As the new Congress began its work in January, the people of Minnesota were lacking representation. The election for US Senator between former comedian Al Franken and sitting Senator Norm Coleman was too close to call. There were recounts and lawsuits. Now, 154 days after the election, Franken is up by 302 votes but has still not been officially seated.
The NYS 20th Congressional district is looking to be a similar issue. The seat was left vacant when Governor David Paterson appointed then-Congresswoman Kirsten Gillibrand to the vacant US Senate seat that had belonged to now Secretary of State Hillary Rodham Clinton. The election between political newcomer Democrat Scott Murphy and long-time state Assemblyman Republican Jim Tedisco was intense and heavily funded by national congressional campaign monies. A congressional seat that would normally not even be looked at by other New Yorkers was the center of national news as it played out as a test of the Obama coattails.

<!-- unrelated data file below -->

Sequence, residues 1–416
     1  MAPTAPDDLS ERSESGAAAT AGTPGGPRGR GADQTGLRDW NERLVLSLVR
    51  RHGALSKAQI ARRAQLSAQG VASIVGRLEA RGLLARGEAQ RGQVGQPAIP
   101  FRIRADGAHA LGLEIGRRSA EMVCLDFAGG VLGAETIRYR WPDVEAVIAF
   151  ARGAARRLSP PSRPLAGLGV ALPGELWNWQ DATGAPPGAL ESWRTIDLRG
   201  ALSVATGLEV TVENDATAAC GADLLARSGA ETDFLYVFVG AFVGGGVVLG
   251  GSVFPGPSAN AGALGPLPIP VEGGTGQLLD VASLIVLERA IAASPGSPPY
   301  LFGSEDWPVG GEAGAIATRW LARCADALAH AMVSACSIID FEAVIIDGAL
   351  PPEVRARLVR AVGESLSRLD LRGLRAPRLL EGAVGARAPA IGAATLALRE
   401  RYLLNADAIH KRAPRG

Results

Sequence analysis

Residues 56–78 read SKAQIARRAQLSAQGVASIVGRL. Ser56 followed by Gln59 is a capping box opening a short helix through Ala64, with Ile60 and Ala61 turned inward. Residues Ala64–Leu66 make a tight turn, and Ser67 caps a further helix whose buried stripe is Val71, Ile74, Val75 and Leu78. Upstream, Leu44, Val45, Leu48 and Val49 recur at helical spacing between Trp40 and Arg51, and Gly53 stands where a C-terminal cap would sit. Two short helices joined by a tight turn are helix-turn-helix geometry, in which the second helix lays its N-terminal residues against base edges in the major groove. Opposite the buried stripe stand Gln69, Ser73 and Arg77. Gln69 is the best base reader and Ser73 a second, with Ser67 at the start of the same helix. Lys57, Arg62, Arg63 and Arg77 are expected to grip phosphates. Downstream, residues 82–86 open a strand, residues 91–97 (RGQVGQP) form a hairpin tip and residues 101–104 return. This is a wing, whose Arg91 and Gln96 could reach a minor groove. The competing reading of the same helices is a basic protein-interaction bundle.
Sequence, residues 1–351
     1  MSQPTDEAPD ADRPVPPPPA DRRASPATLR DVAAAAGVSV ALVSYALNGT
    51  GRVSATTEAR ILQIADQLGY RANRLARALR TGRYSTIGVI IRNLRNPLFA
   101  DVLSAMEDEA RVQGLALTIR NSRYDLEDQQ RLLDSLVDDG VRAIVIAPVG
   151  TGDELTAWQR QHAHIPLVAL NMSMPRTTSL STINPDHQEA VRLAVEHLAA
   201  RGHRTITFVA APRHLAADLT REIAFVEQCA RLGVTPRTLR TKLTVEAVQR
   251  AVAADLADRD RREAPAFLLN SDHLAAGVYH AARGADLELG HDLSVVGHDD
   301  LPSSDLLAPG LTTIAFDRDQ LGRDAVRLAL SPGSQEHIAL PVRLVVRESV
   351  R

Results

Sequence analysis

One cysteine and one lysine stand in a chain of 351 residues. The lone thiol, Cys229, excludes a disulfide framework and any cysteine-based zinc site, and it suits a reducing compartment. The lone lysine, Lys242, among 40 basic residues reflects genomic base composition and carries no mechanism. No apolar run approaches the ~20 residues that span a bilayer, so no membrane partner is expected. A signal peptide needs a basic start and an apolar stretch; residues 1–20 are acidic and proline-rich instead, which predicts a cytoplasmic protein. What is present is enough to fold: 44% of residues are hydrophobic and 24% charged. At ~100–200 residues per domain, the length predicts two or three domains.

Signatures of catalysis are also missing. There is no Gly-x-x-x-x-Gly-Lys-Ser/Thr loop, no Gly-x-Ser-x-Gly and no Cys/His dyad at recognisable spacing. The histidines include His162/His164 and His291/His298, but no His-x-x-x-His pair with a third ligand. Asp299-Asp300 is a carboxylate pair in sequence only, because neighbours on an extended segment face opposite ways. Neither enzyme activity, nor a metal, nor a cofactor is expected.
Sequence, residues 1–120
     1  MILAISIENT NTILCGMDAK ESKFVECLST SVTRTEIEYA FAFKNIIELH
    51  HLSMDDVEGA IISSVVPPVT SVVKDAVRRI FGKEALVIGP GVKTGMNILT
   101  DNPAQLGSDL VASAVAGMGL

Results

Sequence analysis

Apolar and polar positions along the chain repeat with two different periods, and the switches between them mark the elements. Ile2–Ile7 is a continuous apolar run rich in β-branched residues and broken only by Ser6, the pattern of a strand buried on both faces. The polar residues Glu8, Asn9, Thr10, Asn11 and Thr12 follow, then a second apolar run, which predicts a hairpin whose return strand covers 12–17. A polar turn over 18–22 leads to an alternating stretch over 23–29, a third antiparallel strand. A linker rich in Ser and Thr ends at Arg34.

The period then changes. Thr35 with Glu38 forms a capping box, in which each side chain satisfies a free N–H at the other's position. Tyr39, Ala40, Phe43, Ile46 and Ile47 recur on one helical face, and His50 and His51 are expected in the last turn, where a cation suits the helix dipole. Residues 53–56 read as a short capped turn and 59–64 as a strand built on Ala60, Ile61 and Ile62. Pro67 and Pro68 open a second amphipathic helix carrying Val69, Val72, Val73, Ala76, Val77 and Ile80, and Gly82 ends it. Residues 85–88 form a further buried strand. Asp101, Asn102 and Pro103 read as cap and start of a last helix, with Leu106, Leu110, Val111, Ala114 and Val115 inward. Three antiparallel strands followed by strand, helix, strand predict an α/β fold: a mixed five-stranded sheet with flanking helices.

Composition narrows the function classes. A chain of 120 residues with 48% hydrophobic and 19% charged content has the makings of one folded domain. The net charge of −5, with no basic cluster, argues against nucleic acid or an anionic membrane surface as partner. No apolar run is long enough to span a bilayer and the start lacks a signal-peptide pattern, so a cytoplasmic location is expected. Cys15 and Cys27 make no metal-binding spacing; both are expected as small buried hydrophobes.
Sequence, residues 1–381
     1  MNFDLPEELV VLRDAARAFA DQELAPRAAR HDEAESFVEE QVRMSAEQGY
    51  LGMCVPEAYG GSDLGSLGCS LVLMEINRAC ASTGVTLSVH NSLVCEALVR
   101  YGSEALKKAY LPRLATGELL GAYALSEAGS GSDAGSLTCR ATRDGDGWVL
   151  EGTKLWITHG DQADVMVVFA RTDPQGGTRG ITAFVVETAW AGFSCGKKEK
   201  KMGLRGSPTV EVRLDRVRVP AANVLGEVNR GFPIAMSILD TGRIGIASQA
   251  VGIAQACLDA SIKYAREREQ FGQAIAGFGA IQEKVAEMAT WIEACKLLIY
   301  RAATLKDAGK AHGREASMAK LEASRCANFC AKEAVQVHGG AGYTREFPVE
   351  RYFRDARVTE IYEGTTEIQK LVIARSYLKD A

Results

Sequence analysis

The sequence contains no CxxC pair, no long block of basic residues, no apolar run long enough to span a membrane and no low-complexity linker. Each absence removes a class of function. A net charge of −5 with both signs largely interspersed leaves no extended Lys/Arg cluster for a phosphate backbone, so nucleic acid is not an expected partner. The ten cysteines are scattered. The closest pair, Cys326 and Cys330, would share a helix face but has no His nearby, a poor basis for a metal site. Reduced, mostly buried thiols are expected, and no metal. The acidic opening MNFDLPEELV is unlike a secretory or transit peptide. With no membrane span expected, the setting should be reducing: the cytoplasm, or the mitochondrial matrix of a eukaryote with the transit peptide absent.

The votes are counted. After the special election on March 31st, the tally seesawed with about one hundred votes being the largest difference. One day Murphy would be in the lead, one day Tedisco. Then, the absentee ballots started to be counted. All are counted now and Murphy is ahead of Tedisco by 273 votes.
Unfortunately, over 1300 votes have been set aside from objections from one side or the other so the election is heading to the courts. One such ballot is that of now US Senator Kirsten Gillibrand. GOP have said her absentee ballot should be considered null and void due to the fact she was in the district on the day of the election and should have voted at her polling location. Today, attorneys from both sides will argue over these 1300 approximate ballots.
The bigger question is does a close election, won by just 273 votes, show that maybe the Democratic administration does not have the “mandate” from the voters that it claims the November election was?